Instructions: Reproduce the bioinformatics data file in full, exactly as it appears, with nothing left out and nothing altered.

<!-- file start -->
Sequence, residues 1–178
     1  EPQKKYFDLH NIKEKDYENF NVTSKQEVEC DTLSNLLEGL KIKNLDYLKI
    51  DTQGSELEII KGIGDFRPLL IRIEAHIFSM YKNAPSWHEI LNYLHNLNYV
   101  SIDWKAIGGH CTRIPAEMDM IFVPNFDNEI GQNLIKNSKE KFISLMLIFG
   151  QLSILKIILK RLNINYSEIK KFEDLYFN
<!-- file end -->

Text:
Sequence, residues 1–178
     1  EPQKKYFDLH NIKEKDYENF NVTSKQEVEC DTLSNLLEGL KIKNLDYLKI
    51  DTQGSELEII KGIGDFRPLL IRIEAHIFSM YKNAPSWHEI LNYLHNLNYV
   101  SIDWKAIGGH CTRIPAEMDM IFVPNFDNEI GQNLIKNSKE KFISLMLIFG
   151  QLSILKIILK RLNINYSEIK KFEDLYFN